RBL Bank stock falls 12% as asset quality, growth woes keep Street cautious

Topics RBL Bank | BSE

RBL bank
The RBL Bank stock fell over 12 per cent to end Wednesday’s trade as a top loser among frontline stocks in the BSE, also its third fall in over a month. At Rs 313.65 apiece, the stock is marginally over its listing day closing price of about Rs 300.

A combination of factors —incremental worries on the asset quality front from new names, sale of employee stock options (ESOPs), and YES Bank’s rating downgrade — sparked a fear of contagion in the system to weigh on the stock. 

The bank, however, has clarified that ESOP selling was a routine activity. “No management committee member, including key managerial personal, have sold any shares on July 30, 2019, and thereafter,” the bank clarified.

Doubts over the bank’s asset quality resurfaced following its Q1 results announcement. The bank accepted that gross non-performing assets (NPA) ratio could be 2.0–2.5 per cent in FY20 (well above its historical levels), which investors have not taken kindly to.

What has soured sentiment is fresh asset quality trouble, which, analysts say, could cause the bank to miss out on its asset quality guidance. Analysts have pegged the same at Rs 300-500 crore, though the quantum hasn’t been confirmed by the bank.

With asset quality issues at the centre of attention, growth guidance has been reduced to 20-25 per cent, from the earlier 30-35 per cent.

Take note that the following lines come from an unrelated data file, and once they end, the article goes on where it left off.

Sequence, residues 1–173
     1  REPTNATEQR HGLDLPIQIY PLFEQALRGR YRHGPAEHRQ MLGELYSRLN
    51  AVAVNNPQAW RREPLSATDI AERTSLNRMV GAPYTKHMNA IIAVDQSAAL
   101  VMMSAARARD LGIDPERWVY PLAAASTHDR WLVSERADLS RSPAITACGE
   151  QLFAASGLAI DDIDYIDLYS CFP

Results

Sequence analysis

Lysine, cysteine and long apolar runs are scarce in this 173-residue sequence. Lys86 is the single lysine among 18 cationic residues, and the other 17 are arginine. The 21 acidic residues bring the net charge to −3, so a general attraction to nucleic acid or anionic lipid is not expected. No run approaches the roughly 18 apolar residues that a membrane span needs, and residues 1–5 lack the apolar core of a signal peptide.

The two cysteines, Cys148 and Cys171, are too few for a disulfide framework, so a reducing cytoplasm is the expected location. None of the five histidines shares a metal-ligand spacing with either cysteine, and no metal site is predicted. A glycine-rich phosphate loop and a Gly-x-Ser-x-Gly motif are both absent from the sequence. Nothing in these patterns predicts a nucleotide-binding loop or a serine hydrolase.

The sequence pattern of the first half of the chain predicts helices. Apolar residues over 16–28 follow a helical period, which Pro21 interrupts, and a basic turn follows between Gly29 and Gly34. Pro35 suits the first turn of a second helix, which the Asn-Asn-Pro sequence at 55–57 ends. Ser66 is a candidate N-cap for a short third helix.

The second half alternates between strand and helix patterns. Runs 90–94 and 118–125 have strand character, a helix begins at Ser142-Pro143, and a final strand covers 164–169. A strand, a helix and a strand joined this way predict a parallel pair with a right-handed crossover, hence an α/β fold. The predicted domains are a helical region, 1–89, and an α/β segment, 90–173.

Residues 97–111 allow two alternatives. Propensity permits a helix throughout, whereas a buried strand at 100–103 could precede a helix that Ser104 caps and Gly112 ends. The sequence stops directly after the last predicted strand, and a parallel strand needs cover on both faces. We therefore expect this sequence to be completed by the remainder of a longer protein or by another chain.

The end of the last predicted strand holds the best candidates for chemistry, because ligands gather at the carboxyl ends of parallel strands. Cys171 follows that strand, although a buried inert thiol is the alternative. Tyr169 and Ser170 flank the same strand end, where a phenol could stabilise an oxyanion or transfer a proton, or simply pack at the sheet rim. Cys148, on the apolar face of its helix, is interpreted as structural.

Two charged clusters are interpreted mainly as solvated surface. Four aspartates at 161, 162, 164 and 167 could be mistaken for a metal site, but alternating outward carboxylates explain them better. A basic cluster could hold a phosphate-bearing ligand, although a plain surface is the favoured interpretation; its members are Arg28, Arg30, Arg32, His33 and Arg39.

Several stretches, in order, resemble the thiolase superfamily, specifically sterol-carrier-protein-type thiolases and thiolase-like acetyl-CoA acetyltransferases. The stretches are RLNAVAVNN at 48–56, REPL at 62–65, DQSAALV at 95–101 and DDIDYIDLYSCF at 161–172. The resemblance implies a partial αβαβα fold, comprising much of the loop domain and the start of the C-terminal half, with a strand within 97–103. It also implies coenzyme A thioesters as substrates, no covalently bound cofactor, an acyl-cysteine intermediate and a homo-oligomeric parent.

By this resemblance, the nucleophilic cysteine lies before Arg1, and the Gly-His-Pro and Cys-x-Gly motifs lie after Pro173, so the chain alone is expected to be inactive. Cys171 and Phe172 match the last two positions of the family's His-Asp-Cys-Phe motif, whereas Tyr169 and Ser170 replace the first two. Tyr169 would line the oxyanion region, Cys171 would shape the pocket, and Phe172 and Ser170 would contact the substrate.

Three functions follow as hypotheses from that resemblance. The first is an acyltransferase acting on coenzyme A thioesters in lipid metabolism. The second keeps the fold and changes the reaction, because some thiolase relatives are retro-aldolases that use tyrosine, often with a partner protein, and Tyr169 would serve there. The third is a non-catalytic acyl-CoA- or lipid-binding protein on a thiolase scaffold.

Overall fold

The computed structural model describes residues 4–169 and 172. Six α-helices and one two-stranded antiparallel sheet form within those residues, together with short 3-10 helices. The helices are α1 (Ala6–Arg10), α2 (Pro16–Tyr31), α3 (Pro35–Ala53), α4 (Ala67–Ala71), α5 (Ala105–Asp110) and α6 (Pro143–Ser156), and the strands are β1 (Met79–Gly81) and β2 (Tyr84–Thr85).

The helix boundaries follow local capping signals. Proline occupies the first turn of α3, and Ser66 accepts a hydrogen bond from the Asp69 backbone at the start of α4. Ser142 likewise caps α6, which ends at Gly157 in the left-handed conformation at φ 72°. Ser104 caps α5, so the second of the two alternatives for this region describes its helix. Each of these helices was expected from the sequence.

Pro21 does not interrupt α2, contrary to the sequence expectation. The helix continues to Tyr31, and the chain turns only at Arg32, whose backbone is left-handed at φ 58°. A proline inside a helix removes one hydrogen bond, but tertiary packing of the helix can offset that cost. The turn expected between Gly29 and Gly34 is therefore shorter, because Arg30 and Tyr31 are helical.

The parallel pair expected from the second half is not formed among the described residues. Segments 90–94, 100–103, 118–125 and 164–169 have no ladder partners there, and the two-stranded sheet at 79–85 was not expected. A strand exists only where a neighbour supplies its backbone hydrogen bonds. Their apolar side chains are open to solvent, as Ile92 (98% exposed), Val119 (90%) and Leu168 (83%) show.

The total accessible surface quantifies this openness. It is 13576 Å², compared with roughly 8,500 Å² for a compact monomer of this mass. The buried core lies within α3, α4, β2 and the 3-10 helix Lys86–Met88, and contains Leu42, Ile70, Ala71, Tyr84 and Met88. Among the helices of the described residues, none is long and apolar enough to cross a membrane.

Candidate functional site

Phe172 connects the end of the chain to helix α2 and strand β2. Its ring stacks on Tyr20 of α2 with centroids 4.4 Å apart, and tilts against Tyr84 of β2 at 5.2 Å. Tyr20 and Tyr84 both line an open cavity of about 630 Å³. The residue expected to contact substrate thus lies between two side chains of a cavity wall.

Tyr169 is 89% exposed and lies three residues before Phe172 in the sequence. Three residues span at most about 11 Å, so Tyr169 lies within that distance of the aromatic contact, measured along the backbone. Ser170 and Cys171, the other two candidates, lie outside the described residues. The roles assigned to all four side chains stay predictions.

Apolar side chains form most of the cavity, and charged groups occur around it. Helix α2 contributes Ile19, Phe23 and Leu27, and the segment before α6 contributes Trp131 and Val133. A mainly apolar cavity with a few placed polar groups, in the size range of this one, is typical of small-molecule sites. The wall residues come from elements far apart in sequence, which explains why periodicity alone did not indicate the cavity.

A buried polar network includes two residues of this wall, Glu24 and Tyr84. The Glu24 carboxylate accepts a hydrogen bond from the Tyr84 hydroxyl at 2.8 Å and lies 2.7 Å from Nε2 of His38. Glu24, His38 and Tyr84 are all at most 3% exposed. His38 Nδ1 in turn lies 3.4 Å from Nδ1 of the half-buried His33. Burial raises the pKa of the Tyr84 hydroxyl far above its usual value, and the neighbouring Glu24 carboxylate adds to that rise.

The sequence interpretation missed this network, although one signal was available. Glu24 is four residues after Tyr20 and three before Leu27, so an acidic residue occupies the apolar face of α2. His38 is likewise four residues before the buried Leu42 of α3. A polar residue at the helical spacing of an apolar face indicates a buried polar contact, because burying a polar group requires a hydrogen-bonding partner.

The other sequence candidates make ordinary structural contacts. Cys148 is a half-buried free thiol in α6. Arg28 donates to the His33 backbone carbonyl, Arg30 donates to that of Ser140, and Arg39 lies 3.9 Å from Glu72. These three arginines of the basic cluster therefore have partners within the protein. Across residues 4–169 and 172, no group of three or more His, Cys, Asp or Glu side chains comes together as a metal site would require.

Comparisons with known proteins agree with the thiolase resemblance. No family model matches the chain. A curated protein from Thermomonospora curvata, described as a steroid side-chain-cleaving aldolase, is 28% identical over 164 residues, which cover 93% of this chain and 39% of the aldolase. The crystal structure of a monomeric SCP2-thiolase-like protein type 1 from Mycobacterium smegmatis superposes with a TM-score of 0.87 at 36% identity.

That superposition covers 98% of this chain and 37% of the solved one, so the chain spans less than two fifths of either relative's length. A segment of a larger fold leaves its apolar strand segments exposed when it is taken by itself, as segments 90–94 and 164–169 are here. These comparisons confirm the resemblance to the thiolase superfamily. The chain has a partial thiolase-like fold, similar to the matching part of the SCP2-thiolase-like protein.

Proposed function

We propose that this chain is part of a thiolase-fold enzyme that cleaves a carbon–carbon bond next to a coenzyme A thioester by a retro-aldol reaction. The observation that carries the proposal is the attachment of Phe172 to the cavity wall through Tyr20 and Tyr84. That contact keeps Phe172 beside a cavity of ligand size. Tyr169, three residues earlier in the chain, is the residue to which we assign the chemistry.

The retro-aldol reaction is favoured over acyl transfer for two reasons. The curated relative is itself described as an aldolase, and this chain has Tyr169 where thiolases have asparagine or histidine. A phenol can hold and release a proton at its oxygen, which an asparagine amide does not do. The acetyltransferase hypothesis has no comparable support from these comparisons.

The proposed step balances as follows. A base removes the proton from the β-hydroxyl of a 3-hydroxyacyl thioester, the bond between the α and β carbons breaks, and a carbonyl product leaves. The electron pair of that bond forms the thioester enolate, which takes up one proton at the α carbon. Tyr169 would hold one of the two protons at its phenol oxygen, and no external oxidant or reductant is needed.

Much of the lowering (of guidance) is on account of the decision to go slow on wholesale or corporate loan book — the run rate of which may reduce from 28 per cent in Q1 to 10 per cent for till the end of FY20.

The bank, though, maintains its optimism on retail loans. “The bank’s incremental focus will be on re-orienting its portfolio towards retail, and managing asset quality instead of growth, given the recent stress in its wholesale portfolio,” say analysts at Emkay Global Financial Services.

With the bank facing challenges on two critical parameters — asset quality and growth — for the first time since listing in 2016, it needs to be seen how much capital the bank can raise in the next 12-18 months, and at what pace.

“In a situation of uncertainty in the system, we are in no hurry to raise capital, and at 12.4 per cent capital, we are comfortably placed for the next 3-4 quarter,” explains Rajeev Ahuja, executive director of RBL Bank. The bank has received an approval to raise over Rs 3,000 crore of capital.

With RBL Bank facing near-term pressure and the stock melting over 50 per cent since July 12 — when trouble first started hitting the bank — analysts don’t rule out further downside risk.

While the Street hasn’t turned all negative yet, being cautious on the counter may be a prudent approach.


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